One of the most frequent questions coming from beginners is:
"What's better pull-ups or chin-ups?"
Short answer: Chin-ups.
Many people consider pull-ups a better exercise than chin-ups for the simple fact that they can do less pull-ups than chin-ups. This is wrong for several reasons. First, the fact that you can do less reps on a particular exercise does not always mean that it's harder, especially in this case. The reason that your number of pull-ups is less than you chin-ups is because there is less muscle mass involved when you use overhand grip (knuckles facing you) not because the chin-up is an easier exercise.
When you grip the bar in a pull-up fashion the biceps which are the main elbow flexors are placed in large disadvantage and cannot provide a really strong contraction during the movement. They still have to work relatively hard but not that much compared to a chin-up. That makes the chin-up more complete pulling exercise because the biceps are also worked hard and they are an important part of the pulling musculature.
“But pull-ups work your lats harder.”
The participation of your lats during a pull-up or a chin-up does not depend so much on your grip. Your lats still have the same function during both movements - pull the humerus (upper arm) close to your body. When you use an overhand grip (pull-up) you take the biceps out of the movement and the small elbow flexors (brachialis and brachioradialis) become the main elbow flexors. Since they are smaller and weaker than your biceps you end up doing less pull-ups.
Of course it would be very stupid to ignore the fact that the biceps may act as bullies during the chin-up. In other words you may end up doing more work with them than your back. You see it all the time - guys with big biceps and no back. However the problem is not the chin-up. Your biceps and small elbow flexors can still be the same mean and nasty bullies when you perform pull-ups. It's all about mind muscle connection when it comes to lat activation. If you don't have it doing pull-ups won't fix the problem.
If during pull-ups or chins you are focused only on getting up and not so much on how to get-up it's very likely that your body will find the easiest way to lift your ass up. You don't want that if your goal is to develop your lats. You have to force your body to focus mainly on the lat contraction than on just getting up.
“Fuck. I never feel my lats during pull-ups and chin-ups. What am I doing wrong?”
“Activating” you lats is not that hard as some gurus would like you to believe. I remember reading in one famous book that developing the mind muscle connection with your lats can take years. What?
Not the case.
My favorite drill for teaching beginners how to “feel” their lats are the scapular pull-ups. The form of the scapular pull-ups is very simple and the movement itself is quite useful for getting used to full range pull-ups and chin-ups.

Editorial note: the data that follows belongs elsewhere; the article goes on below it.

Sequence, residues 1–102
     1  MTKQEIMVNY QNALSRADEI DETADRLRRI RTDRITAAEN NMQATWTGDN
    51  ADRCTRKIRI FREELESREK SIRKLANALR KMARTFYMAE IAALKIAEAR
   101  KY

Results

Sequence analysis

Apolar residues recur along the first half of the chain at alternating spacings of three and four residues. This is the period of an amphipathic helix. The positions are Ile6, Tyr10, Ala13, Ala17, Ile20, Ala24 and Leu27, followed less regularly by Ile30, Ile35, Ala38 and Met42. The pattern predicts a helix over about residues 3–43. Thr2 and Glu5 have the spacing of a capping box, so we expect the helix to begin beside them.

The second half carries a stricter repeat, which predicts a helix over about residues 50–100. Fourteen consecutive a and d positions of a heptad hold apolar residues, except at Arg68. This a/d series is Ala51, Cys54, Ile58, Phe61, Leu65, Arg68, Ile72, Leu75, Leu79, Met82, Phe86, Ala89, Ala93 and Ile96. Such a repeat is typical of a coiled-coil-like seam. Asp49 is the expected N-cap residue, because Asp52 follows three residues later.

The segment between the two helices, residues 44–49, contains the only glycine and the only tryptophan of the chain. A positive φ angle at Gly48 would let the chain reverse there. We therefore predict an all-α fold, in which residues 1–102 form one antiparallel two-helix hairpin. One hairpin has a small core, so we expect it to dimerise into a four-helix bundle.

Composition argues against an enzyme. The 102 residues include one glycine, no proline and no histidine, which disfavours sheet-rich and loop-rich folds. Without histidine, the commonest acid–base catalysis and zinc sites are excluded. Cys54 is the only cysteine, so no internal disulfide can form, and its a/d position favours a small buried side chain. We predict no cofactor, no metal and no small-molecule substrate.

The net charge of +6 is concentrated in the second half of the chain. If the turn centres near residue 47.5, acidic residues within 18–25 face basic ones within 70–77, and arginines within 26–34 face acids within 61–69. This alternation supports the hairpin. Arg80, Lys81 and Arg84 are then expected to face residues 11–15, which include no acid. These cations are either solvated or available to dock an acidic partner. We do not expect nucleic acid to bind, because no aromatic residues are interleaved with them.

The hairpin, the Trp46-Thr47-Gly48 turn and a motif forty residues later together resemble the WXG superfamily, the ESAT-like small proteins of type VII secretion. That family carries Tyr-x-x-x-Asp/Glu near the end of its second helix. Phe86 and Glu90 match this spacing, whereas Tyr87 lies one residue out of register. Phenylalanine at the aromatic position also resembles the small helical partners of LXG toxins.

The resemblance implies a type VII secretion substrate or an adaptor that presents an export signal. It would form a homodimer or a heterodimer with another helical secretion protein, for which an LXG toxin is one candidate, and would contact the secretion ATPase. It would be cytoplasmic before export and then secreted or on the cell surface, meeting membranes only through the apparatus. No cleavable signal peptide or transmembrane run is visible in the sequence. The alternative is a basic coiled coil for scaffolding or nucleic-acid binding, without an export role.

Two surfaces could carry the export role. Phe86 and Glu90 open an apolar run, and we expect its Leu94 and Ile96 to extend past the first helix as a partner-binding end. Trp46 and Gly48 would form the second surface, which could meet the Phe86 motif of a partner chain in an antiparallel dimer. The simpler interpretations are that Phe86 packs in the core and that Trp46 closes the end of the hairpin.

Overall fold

Step1: Find a pull-up bar, tree branch, gymnastic rings...etc and assume the so called dead hang position - just hang from the bar and relax completely. Keep your shoulders relaxed and your elbows straight.
Step 2: While keeping your elbows as straight as you can bring your shoulder down. In other words perform the opposite movement of a shrug. Chances are you will finally learn where you lats are and you won't have to run for the anatomy book again.
The reason why this is such a great drill for “activating” your lats is the simple fact that you can't perform that movement with any other muscle than your lats. It's virtually impossible. You will feel them fire right from the lower back to the armpit.
Note: Consult the video at the end of the article for visual demonstration of scapular pull-ups.
Remember that every pull-up or chin-up should start with a scapular pull-up. That's first part of the movement. Then you keep pulling while arching your back (sticking your chest out) as much as you can. Your lat cannot contract unless you arch your back. Keep it arched if you want to grow some lats.
Conclusion: The chin-up is more complete exercise than the pull-up due to added biceps work which allows you to reach higher stimulation of your back despite what many "functional" fitness gurus believe. The biceps is placed in a stronger position and this will allow your back to work more before your arms fail while limiting the potential work that can be done by your back which is a much stronger and harder to "cook" muscle group.
Open you chest like Franco when doing chin-ups or pull-ups for maximum lat contraction
The fact that you can do less pull-ups has nothing to do with more back work. It's due to the minimized biceps work and the increased participation of the small elbow flexors such as the brachialis and brachioradialis.
However I prefer the ring pull-up over both exercises. I explain why in the article:
If your form is correct the lats still get plenty of stimulation during chin-ups. In fact the chin-up works your lower lats harder than pull-ups and since the biceps is placed at its strongest position you can perform more total reps before your arms reach failure. In other words your lats have the chance to receive more work because the biceps are tougher than the small elbow flexors used during a pull-up.